Remote latch retraction allows the exit device to be locked or unlocked from a remote location while simultaneously dogging or undogging the push rail.
Latchbolt or push rail monitoring switches allow independent monitoring of the doorway and can be used to detect egress or tampering, sound an alarm, signal a remote location or de-energize an electromagnetic lock.
An electric latch retraction feature is ideal for high traffic egress doors that require access control. Once retracted, the door functions in a push/pull manner. An exit device equipped with electric latch retraction can be dogged for momentary ingress and egress and is commonly used in conjunction with an automatic door operator. The device can be dogged continuously on fire-rated devices that are tied into the building’s fire detection system. When de-energized, the push becomes undogged and re-latches the door.
SYSTEM PERFORMANCEWith its ability to handle so many functions, the exit device improves the overall performance of a building’s control system. Tie a fire alarm into an exit device with built-in lighting technologies and the emergency exit becomes an illuminated pathway to safety. Include a monitoring switch, and the exit device gives a security system the ability to keep a watchful eye on exterior doorways. Add a dogging function and the exit device improves acoustics of a theater or library.
The exit device plays many roles and plays them well. These abilities make it an ideal choice as the most valuable player among security/life-safety system components.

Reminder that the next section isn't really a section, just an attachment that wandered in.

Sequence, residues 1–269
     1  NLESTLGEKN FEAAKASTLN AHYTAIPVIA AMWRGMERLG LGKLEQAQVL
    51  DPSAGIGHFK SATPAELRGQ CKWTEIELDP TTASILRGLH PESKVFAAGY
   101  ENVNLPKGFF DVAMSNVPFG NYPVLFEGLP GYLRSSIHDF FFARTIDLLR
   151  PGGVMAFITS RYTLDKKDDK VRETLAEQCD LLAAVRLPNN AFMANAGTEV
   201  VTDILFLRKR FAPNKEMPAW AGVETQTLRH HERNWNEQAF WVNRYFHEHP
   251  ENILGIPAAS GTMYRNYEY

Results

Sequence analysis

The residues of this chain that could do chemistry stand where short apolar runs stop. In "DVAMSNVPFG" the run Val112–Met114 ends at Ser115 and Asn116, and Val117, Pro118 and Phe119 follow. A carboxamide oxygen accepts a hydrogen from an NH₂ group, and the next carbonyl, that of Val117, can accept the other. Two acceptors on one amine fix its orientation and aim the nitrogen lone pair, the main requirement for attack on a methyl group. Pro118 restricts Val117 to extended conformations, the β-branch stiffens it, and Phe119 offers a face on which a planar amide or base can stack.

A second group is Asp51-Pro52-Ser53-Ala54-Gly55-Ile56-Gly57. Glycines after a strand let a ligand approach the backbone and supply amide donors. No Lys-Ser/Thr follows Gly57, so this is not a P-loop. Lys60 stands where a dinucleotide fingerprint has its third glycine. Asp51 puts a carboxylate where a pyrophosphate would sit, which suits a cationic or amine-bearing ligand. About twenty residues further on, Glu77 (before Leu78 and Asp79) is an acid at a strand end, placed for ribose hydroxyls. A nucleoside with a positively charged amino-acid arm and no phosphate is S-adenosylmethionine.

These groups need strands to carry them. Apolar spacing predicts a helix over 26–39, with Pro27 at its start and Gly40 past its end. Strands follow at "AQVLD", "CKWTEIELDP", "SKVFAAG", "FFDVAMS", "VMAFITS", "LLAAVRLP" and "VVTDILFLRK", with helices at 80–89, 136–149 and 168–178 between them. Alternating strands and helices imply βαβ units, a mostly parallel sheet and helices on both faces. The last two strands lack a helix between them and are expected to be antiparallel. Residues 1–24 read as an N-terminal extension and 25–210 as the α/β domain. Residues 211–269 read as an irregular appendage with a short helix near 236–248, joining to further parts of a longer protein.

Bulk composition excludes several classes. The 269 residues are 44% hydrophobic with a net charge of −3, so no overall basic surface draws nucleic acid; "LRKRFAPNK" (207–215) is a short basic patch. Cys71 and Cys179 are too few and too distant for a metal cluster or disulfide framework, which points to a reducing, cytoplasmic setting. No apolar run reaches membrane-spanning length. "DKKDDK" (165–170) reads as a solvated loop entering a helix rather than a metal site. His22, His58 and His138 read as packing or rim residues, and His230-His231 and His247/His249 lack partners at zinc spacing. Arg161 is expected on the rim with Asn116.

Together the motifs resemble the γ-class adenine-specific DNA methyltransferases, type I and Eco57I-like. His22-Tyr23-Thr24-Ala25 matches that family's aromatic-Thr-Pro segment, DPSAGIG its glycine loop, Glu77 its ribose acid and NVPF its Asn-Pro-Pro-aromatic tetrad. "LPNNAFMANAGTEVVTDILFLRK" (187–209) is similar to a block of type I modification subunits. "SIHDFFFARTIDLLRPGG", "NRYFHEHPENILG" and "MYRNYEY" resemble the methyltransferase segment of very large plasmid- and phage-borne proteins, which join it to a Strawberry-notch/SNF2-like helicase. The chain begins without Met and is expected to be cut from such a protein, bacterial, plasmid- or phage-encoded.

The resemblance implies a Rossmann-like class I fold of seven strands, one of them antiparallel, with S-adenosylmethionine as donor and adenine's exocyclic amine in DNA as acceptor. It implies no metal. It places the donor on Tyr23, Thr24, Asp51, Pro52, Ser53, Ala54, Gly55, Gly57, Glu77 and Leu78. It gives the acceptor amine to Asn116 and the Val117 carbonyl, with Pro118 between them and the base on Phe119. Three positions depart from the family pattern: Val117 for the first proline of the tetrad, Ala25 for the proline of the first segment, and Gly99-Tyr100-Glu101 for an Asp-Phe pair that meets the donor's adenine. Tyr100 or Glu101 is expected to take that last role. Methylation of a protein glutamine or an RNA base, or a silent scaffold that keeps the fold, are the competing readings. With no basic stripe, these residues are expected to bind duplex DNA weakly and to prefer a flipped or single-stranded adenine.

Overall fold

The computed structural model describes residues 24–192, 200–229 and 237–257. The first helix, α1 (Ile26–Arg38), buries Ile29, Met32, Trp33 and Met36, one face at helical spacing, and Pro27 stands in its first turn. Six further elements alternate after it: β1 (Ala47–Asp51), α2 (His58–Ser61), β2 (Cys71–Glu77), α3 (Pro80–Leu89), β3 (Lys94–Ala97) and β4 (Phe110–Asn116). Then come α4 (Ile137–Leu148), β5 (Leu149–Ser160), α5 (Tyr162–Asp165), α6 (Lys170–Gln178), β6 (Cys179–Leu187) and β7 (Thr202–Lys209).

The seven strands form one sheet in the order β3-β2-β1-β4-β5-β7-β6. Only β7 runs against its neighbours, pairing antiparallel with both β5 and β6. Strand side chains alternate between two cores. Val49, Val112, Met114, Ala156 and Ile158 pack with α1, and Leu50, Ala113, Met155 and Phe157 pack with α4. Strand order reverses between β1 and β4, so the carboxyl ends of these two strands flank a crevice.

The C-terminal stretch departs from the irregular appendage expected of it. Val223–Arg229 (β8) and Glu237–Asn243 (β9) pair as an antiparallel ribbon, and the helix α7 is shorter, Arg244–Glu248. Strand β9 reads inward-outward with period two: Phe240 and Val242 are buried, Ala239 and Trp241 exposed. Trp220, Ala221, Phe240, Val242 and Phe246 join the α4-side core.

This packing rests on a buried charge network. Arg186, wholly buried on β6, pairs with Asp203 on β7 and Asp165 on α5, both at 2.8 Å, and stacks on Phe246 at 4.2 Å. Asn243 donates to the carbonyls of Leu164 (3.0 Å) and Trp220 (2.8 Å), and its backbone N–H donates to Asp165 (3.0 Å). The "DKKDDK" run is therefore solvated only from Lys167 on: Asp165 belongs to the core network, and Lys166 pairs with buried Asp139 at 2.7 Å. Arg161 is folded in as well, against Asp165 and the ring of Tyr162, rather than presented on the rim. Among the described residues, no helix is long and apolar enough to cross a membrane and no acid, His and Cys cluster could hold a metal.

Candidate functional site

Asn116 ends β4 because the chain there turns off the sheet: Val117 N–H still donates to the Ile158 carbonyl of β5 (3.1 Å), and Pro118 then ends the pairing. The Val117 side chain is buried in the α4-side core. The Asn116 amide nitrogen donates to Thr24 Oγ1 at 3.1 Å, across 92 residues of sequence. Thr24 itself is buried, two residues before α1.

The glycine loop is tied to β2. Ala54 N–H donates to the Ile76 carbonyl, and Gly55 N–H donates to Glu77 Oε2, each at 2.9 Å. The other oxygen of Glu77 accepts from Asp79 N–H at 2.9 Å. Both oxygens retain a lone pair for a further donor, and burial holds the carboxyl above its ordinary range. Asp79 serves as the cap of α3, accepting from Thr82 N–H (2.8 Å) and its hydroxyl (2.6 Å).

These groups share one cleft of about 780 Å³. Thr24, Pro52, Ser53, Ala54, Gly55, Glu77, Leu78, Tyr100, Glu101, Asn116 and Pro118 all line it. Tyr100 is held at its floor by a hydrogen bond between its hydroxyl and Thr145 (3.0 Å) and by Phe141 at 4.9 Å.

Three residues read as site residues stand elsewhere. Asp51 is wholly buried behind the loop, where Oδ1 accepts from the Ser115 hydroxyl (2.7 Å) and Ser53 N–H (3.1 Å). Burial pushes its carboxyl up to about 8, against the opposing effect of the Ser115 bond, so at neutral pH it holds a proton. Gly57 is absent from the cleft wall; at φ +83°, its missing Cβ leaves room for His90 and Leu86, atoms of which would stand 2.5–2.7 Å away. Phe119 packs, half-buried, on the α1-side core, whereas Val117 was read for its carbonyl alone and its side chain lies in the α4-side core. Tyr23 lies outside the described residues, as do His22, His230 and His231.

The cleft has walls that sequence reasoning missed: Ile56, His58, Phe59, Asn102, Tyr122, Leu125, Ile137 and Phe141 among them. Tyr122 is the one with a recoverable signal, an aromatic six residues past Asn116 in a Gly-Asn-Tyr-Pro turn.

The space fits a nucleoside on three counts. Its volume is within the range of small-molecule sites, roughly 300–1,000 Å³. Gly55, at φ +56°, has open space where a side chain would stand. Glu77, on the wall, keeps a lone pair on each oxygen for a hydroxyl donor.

SIDEBAR: Electronic Access Add AbilitiesFor door controls, new generation electronic access control systems add dimension to door protection. Recently, numerous companies have enhanced their systems. A case in point: the PremiSys access control system from IDenticard has an option for facilities of every size.
Key features of such solutions can include:
Dynamic mapping -- it contains dynamic mapping to monitor alarms, relays, doors and alarm acknowledgements through a floor plan/graphic map interface. Dynamic mapping should be easy to configure; you simply drag icons from the site tree and drop them onto the map.
Antipassback -- The system should prevent reusing cards to access the same area within a specified period of time, or until the card has been used to exit the area. Areas-based antipassback also incorporates occupancy counts.
ADA compliance -- Extended door time is assigned to cardholders with disabilities who require it.
SIDEBAR: Special Risks: Fire-rated DoorsHow can door hardware, door position switches, and other access control apparatus be installed onto fire-rated doors?
The answer should be very carefully thought out. Doors that are fire-rated are designed and built to provide a barrier against the spread of a fire from one room/area to the next. Any modification to a fire-rated door, such as drilling, channeling, or installing a magnet for a door position switch, will likely violate that door’s fire rating in the eyes of the authority having jurisdiction.
Specialized hardware, such as door hinges with built-in position switches, can be used successfully on fire-rated doors. The key is to know what doors are fire rated in a particular installation, and to approach the application of access devices for those doors so that the door remains intact and is not modified in any way.